Luckett & Farley: The Rise and Fall of the American Rickhouse [BrandScape]
Whether you call it a rickhouse, rackhouse, barrel warehouse or simply a warehouse these generally non-descript buildings surrounding most distilleries play a critical role in the aging of bourbon whiskey.
Ever since the end of Prohibition, distilled spirits makers have been distilling and storing millions of gallons of bourbon whiskey in these rickhouses. Some of these buildings date back to the 1940s and 50s, seeing generations of Master Distillers and the peaks and lulls of whiskey consumption.
Among a few other guidelines, in order for a whiskey to legally be sold as bourbon, it must age “in charred new oak containers.” Traditionally, those “containers” are 53 gallons barrels. The average 53 gallon newly filled barrel weighs around 550 lbs. Place 20,000 of those in a rickhouse and you could have up to 11,000,000 lbs of weight less any bourbon lost to the Angels Share.
Inevitably, over time as with any structure there is some wear and tear. The immense amounts of weight distributed throughout these rickhouses, along with water damage, foundation settlement, and powder post beetle and termite deterioration leaves a once solid interior leaning and decaying. Rickhouse collapses can give us a real-time look at what can happen when these rickhouses age naturally and go without cautionary upkeep.
There comes at a time in the life cycle of the rickhouse where it is no longer functioning properly. The uneven weight distribution has caused the structure to lean so much that the barrels are unable to be retrieved. The leaning pulls the beams apart and the traditional method of securing them back to their original state is futile. Sophisticated engineering solutions have been developed to correct this specific issue by bracing certain areas with steel rods and other hardware.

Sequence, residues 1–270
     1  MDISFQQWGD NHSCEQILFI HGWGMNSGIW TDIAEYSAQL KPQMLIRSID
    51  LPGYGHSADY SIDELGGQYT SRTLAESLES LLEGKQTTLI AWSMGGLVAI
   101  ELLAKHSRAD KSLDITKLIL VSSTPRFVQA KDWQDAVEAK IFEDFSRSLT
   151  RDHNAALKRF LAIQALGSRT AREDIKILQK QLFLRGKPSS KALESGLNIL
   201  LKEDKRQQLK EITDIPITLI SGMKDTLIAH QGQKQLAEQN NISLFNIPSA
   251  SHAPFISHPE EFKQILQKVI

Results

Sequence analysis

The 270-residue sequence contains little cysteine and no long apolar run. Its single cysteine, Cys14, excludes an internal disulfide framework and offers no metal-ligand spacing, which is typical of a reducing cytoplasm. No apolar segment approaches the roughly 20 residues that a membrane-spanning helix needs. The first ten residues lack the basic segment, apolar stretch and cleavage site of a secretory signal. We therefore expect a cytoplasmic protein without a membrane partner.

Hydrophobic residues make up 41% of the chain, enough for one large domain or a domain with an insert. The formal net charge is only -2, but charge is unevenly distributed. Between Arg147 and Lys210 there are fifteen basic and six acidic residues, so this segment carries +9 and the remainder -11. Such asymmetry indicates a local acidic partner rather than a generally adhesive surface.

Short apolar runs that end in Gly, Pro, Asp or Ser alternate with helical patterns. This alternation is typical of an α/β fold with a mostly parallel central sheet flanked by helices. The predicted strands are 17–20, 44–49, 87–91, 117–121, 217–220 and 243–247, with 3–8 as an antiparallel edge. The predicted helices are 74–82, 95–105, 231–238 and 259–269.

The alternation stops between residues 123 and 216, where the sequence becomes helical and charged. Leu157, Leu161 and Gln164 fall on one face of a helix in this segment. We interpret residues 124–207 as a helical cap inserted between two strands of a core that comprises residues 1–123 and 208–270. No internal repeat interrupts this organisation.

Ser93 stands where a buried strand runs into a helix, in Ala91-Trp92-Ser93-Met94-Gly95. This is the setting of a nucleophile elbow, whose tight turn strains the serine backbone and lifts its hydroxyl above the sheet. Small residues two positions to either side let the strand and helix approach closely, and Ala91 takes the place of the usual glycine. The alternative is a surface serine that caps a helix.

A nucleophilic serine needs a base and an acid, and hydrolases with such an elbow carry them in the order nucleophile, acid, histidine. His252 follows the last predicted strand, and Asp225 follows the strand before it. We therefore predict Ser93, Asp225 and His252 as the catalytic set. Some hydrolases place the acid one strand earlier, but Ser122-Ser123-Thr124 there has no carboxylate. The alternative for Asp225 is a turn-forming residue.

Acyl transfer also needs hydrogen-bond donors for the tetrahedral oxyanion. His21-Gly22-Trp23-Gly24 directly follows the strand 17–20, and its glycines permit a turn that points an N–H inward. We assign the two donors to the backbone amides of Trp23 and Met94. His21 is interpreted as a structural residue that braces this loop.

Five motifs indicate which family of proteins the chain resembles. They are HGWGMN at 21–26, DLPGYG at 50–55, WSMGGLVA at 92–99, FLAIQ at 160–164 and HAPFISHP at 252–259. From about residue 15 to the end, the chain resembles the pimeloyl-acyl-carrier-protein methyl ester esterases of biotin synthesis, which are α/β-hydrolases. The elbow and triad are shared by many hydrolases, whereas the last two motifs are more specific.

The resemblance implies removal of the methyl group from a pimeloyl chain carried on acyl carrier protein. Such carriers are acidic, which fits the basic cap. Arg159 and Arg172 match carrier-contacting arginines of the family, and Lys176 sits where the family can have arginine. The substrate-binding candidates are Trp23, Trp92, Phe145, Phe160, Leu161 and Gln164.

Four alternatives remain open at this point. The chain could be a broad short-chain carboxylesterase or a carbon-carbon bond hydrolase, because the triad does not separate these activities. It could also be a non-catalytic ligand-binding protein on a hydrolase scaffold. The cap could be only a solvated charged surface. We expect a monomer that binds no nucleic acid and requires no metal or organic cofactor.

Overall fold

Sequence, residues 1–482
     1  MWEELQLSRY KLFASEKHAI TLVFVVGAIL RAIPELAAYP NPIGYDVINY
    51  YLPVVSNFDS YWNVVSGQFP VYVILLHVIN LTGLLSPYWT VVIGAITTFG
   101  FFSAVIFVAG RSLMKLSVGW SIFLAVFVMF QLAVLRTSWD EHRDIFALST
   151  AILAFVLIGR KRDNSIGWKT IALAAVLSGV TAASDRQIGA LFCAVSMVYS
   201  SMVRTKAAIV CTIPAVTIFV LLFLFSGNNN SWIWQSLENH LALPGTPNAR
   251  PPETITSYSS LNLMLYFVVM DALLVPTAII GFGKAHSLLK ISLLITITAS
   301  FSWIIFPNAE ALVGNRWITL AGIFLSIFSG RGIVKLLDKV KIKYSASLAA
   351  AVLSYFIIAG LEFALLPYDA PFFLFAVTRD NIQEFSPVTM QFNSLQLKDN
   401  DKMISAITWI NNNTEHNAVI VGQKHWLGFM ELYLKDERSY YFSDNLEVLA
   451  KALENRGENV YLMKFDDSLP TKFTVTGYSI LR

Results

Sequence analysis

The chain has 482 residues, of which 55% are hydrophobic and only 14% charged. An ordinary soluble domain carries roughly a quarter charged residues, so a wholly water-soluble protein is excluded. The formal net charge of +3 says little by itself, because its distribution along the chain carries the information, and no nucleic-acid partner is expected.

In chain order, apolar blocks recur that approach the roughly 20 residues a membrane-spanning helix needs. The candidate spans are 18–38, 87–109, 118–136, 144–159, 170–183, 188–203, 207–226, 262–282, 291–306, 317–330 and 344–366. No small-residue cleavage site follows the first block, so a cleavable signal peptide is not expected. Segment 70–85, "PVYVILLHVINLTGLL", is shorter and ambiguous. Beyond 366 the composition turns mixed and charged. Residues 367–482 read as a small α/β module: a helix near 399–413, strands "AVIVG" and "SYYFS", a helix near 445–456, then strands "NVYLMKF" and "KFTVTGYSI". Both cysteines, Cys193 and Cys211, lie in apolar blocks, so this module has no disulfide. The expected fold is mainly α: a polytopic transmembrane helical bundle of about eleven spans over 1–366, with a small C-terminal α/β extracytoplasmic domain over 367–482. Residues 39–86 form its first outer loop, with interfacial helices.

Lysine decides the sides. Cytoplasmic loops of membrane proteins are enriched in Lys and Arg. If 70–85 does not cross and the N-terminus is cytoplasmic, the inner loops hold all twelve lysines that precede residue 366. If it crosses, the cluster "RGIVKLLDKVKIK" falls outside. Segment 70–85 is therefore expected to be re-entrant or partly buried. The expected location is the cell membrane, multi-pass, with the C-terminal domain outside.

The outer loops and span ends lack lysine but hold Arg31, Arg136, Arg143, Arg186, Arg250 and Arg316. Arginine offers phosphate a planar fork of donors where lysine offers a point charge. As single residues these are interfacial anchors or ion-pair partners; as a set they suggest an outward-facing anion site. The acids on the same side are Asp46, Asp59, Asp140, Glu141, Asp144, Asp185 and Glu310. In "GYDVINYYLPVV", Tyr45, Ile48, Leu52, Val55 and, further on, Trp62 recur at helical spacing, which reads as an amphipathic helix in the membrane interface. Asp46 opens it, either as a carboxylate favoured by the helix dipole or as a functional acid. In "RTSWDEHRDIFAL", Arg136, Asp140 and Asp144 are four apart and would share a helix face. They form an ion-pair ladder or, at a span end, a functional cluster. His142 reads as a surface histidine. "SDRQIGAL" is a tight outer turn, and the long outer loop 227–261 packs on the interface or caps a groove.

Plumb bob’s are a common site around rickhouses.
When it comes to addressing these issues, sooner is always better than later, the more apparent the lean, the more money it costs to fix. The best time to act on any of these preventive issues is when the rickhouses are in a transition of being filled. Empty rickhouses are much easier to adjust and less time consuming considering fewer barrels have to be moved. Kentucky building codes do not require these rickhouses to be built with seismic codes in mind. This potentially puts millions of dollars of product at risk should Kentucky experience an earthquake or something similar. Being proactive about rickhouse health is the first step in securing a quality product for years to come.
Luckett & Farley is dedicated to preventative and reactive measures when it comes to rickhouses. Having worked with the likes of Woodford Reserve, Jack Daniels, and other large names in bourbon, there is no doubt that Luckett & Farley is a leader when it comes to rickhouse renovation and design. Previous renovations include many different types of rickhouses with experience in traditional, escalator, palatized, and heat cycled rickhouses with timber, metal, or masonry style interiors.
Inquiry for Architectural and Engineering Expertise
If you would like more information about working with our experienced engineers and architects, please contact Kyle Beasley at 502-681-7039 or email him at KBeasley@Luckett-Farley.com or visit the Luckett & Farley website here.
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